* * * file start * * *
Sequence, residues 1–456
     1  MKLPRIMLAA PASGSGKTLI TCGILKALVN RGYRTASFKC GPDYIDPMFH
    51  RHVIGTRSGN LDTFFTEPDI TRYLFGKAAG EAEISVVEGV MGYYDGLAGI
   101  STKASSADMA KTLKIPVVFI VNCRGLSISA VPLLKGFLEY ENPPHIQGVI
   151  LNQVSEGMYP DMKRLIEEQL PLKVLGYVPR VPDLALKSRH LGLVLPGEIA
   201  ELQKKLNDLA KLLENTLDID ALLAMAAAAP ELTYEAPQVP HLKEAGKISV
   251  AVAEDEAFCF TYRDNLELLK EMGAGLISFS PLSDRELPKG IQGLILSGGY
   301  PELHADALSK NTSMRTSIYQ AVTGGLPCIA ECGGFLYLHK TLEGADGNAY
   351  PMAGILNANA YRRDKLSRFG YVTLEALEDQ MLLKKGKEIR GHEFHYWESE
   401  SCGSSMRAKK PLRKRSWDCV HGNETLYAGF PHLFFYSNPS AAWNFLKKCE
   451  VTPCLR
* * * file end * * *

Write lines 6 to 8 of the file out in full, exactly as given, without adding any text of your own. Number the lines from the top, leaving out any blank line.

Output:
   201  ELQKKLNDLA KLLENTLDID ALLAMAAAAP ELTYEAPQVP HLKEAGKISV
   251  AVAEDEAFCF TYRDNLELLK EMGAGLISFS PLSDRELPKG IQGLILSGGY
   301  PELHADALSK NTSMRTSIYQ AVTGGLPCIA ECGGFLYLHK TLEGADGNAY